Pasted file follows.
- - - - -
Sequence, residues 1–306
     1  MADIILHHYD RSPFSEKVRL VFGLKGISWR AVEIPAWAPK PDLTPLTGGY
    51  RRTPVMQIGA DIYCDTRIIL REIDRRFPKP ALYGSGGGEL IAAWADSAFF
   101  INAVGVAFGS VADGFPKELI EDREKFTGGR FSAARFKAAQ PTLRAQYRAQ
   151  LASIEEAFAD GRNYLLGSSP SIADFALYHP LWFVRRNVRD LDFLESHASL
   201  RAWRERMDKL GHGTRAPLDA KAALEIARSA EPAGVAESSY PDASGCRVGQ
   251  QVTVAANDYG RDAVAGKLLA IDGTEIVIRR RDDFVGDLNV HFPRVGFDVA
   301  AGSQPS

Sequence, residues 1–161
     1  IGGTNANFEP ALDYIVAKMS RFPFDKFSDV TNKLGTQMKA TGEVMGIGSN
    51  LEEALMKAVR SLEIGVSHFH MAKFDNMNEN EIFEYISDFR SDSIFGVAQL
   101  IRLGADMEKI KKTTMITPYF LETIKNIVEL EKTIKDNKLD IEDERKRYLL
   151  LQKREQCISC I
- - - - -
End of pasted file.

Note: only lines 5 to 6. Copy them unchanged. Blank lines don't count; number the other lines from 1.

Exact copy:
   151  LASIEEAFAD GRNYLLGSSP SIADFALYHP LWFVRRNVRD LDFLESHASL
   201  RAWRERMDKL GHGTRAPLDA KAALEIARSA EPAGVAESSY PDASGCRVGQ